Synopsis (from back of book):
Alys joins the nunnery to escape hardship and poverty but finds herself thrown back into the outside world when Henry VIII’s wreckers destroy her sanctuary. With nothing but her tools, her magic and her own instinctive cunning, Alys has to tread a perilous path between the faith of her childhood and her own female power. When she falls in love with Hugo, the feudal lord and another woman’s husband, she dips into witchcraft to defeat her rival and win her lover, only to find that magic makes a poor servant but a dominant master. Since heresy against the new church means the stake, and witchcraft the rope, Alys’s danger is mortal. A woman’s powers are no longer safe to use…
This is one book to which I looked forward immensely, having enjoyed The Other Boleyn Girl, The Queen’s Fool and The Virgin’s Lover very much, but I’m afraid that this novel was a bit of a disappointment by comparison. The premise was wonderful and I relished the thought of immersing myself in the world of the Cunning Woman in the time of Henry VIII, but what I got was something only partially rooted in reality, venturing more into the realms of pure fantasy rather than the historical fiction I’d expected. The life of a Wise Woman would have been interesting enough without all the fantastical additions tagged on here and there. I also felt that although the story progressed, there seemed to be no specific destination, and then, when I came to the last few pages, the end came crashing upon me all at once and left me unsatisfied as I wasn’t sure what point was being made.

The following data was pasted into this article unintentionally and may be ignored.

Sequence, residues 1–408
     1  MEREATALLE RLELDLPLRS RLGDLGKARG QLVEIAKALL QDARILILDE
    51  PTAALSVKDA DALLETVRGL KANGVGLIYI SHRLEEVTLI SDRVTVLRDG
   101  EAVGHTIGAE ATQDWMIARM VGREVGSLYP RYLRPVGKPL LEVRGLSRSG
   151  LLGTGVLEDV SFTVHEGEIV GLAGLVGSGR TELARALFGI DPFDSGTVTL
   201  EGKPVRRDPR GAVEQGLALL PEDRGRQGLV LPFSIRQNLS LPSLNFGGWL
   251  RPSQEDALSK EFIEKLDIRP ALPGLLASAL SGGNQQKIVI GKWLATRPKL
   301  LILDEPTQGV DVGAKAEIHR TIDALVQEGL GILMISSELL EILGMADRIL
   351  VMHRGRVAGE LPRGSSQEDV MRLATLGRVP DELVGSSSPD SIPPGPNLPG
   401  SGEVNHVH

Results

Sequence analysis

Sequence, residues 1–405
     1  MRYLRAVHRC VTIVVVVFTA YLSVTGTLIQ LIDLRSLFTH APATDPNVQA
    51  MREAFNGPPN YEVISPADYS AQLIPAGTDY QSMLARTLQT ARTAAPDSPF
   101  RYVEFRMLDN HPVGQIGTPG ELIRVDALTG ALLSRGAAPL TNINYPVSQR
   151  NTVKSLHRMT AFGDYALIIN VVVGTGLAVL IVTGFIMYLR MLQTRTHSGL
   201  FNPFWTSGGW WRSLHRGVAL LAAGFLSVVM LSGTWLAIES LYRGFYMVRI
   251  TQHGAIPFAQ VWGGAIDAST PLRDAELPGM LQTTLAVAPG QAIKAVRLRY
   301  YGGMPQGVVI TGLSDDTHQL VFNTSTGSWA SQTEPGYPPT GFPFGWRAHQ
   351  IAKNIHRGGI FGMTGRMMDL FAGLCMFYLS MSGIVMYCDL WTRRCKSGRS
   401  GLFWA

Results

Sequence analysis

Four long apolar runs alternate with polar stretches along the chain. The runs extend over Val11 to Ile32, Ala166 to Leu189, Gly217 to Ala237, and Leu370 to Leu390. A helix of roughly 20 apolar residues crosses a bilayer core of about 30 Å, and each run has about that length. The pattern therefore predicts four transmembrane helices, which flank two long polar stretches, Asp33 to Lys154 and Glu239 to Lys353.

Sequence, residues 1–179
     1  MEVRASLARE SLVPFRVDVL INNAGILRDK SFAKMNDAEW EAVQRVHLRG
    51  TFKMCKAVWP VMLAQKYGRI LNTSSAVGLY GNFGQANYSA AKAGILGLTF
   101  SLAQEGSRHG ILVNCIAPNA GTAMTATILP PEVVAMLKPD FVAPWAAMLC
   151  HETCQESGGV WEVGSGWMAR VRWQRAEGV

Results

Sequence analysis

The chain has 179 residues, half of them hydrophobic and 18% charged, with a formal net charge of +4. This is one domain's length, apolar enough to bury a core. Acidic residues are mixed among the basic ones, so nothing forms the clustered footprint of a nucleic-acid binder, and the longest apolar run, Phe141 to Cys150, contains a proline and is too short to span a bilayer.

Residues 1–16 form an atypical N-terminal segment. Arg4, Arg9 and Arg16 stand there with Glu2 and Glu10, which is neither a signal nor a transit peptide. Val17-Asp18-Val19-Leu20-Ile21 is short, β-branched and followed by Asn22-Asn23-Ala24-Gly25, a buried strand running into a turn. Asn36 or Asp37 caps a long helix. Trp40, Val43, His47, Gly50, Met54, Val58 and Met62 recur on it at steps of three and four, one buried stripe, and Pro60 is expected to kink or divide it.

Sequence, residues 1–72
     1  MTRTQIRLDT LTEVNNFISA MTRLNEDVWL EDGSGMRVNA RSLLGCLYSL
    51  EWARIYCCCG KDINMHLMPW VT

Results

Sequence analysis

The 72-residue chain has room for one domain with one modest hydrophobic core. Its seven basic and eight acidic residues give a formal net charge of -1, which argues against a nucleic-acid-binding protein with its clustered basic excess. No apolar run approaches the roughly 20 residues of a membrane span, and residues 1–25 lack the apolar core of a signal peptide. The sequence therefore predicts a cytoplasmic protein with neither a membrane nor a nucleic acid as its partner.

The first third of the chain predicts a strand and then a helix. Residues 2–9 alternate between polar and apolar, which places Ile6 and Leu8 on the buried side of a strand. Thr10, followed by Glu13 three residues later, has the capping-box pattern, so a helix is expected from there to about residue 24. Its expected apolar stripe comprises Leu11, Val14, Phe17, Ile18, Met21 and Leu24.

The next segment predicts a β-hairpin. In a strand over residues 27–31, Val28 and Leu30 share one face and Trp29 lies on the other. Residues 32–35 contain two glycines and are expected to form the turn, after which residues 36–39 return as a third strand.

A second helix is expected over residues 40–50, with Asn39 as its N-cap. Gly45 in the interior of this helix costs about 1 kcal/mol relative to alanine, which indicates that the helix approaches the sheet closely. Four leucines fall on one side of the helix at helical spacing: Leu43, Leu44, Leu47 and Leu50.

It didn’t help that Alys wasn’t such an engaging character as the historical figures described in Gregory’s other novels, nor was she particularly likeable with all her manipulation and fickleness. Unfortunately, she wasn’t unpleasant enough to make her more interesting to me – if she’d particularly delighted in being twisted and cruel, rather than agonising over her actions, it would have made for a sizzling read.
All this is not to say that it wasn’t enjoyable – it was well-written, the persecution and paranoia of the age was atmospheric and evocative, and the more zealously passionate passages were a delight to read, if uncomfortable at times. I wouldn’t say it’s quite up to the standard of Gregory’s other work, but it’s still worth a look.
Reviewed by Kell Smurthwaite